The academic Robert Skidelsky shares with Observer readers his vision of the good life. Or, more accurately, his vision of How Other People Should Be Made To Live™:
Society would be organised so the average person only has to work for a living three hours a day. For one thing, it is possible that person might enjoy his work so much he would want to work longer at it without more pay. There would I think be a huge proliferation of hobbies and adult education. A big expansion in travel. These things would fill many of the hours.
Quizzed, albeit briefly, on the practical implications of this time-rich, low-budget, very organised utopia – implications that include closed borders, consumption taxes, an end to economic growth and of course boredom - Mr Skideslsky replies,
It would require some restriction, I suppose.
The exact nature of this “restriction” is left oddly unexplored. This, after all, is an Observer interview. However, we do learn that,
Advertising… could be limited to a certain number of hours a week.
And someone, someone much wiser than the herd, would have to be put in charge of all that organising and limiting - of advertising and pretty much everything else. After all, says our deep thinker, “a change in philosophy would have to come first.” Hm. Why does that sound familiar? Perhaps Mr Skideslsky, like the Guardian’s George Monbiot, imagines a publicly subsidised “class of intellectuals” – people much like himself, in fact – who would correct the public’s preferences and guide us to “the good life.” (The same Mr Monbiot, incidentally, who thinks “wealth causes misery” and therefore “we” should be more like the peasants of Southern Ethiopia, who “smile more often” than we do and whose fields “crackle with laughter.”)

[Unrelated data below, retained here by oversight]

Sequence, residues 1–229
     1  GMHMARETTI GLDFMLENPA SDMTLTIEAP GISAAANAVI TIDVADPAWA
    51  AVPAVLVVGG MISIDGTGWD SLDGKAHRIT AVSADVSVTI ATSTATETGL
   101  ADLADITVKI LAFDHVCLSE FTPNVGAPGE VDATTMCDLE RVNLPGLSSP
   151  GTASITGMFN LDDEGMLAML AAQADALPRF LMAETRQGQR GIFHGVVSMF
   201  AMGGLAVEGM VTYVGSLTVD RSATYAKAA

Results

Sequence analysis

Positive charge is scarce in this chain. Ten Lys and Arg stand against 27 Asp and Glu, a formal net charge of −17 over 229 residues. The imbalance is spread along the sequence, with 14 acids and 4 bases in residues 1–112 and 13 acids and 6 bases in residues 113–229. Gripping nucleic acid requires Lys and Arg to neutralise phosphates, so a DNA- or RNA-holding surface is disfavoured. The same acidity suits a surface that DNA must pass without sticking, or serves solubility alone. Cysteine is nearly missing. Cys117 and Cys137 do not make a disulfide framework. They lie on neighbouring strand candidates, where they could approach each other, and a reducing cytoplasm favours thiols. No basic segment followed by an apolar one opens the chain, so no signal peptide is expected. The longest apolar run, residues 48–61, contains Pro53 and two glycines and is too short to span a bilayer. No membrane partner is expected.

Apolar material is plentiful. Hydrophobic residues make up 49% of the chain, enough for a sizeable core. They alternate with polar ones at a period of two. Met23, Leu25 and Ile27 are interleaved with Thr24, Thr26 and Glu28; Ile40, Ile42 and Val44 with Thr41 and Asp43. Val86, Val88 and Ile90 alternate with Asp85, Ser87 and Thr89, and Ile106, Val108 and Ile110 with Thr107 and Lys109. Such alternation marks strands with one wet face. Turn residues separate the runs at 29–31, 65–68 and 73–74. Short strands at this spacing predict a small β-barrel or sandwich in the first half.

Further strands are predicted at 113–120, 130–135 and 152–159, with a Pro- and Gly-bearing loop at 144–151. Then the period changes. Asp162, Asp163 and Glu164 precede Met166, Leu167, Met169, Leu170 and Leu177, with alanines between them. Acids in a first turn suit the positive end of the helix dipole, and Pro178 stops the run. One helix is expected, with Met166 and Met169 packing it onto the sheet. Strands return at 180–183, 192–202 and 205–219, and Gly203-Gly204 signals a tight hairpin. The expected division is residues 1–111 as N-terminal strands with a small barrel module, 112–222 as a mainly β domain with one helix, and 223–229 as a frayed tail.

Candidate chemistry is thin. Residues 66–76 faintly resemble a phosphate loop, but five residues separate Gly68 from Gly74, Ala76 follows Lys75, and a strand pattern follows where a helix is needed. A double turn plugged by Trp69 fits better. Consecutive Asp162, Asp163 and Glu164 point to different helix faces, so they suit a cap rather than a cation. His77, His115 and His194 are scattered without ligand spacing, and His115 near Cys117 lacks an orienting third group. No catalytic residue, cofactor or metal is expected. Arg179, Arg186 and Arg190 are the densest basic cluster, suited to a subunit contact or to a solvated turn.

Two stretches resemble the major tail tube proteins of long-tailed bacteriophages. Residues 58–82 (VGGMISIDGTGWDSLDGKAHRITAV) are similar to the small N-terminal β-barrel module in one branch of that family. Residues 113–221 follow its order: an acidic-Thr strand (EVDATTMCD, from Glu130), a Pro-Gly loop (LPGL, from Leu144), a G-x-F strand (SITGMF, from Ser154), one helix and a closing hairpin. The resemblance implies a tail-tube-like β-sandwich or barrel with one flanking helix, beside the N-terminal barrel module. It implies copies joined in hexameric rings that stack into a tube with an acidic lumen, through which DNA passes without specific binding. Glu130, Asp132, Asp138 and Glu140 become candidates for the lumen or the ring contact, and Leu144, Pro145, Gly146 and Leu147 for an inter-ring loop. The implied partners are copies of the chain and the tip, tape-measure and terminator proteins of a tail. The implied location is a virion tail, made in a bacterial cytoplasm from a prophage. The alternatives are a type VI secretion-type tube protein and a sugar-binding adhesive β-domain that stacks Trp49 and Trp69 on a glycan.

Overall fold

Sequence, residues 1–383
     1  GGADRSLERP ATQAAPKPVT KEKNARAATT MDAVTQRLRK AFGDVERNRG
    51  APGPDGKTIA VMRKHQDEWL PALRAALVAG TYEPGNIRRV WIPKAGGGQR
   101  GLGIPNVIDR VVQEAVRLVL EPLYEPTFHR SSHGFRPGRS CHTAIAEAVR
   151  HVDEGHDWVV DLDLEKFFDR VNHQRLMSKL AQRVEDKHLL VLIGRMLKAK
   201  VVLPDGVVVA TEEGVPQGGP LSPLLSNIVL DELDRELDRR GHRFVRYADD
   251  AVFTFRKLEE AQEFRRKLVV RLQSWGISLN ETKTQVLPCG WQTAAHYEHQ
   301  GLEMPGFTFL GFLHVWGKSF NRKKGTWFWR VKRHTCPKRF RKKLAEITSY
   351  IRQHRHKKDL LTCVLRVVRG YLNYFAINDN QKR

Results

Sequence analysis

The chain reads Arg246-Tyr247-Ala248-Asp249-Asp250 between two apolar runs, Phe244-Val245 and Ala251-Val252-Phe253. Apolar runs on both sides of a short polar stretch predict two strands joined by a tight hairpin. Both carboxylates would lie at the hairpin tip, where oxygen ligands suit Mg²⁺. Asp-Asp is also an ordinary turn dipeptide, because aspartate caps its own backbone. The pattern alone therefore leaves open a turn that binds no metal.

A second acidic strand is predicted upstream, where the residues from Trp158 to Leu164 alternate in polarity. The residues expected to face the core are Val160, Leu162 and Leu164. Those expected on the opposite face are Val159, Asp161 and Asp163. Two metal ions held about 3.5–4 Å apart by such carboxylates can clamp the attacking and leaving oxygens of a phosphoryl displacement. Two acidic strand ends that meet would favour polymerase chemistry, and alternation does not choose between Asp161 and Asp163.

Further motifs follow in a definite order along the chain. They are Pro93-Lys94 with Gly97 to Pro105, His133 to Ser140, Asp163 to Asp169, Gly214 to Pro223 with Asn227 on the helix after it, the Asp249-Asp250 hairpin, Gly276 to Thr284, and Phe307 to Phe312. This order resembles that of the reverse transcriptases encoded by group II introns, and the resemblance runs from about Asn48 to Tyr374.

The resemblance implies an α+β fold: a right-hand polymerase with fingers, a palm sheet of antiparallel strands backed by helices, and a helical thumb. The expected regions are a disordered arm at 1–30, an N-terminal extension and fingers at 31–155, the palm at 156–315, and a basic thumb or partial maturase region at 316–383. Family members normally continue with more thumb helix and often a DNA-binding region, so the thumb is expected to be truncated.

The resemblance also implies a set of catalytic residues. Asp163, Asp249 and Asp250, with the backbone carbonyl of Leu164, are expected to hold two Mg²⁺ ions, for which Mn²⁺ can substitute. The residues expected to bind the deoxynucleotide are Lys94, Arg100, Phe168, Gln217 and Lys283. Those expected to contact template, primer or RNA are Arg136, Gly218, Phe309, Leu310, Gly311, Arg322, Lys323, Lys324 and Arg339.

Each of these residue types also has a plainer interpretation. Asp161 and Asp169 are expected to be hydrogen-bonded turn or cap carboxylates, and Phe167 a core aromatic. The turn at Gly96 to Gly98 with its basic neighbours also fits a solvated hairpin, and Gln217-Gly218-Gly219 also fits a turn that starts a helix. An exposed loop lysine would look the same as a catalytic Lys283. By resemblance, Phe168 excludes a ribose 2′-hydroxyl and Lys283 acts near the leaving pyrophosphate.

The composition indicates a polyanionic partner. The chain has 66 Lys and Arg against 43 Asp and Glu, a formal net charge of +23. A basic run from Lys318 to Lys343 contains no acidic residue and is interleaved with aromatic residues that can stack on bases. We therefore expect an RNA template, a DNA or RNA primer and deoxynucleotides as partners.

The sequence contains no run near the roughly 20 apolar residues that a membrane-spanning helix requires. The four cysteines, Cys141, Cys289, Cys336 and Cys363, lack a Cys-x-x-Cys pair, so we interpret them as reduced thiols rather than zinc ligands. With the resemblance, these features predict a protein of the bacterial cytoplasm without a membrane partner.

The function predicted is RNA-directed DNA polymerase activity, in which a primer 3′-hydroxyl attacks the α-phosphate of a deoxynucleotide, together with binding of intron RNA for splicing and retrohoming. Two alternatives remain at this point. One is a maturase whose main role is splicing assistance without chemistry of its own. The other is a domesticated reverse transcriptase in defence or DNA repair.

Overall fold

“Why don’t more people aspire to living a good life?” asks our architect of tomorrow, before blaming Margaret Thatcher. Why doesn’t the rabble want what he knows is good for us? And what’s good for us, apparently, is not earning more than Mr Skidesky deems “enough.” It seems we shouldn’t want to travel the world, as Mr Skidelsky does, or sunbathe by the pool at the Caracas Hilton, as Mr Skidelsky did, or own a house as comfortable and spacious as his. “Keynes never owned a house in his life,” says he, “neither for that matter did Virginia Woolf.” And so why should we, the little people? Mr Skidelsky imagines his inferiors “living good lives, surrounding themselves with beauty.” It’s just that he’d rather we didn’t get to own much of it, or have enough money to make more of it happen. Utopia, you see, will “require some restriction.”
Robert Skidelsky is the father of Edward Skidelsky, a sociology lecturer and Guardian contributor who also wants the state to make “us” embrace “less acquisitive modes of living,” thereby saving us from the morally corrupting horror of expensive cars, sushi boxes and pre-washed salad.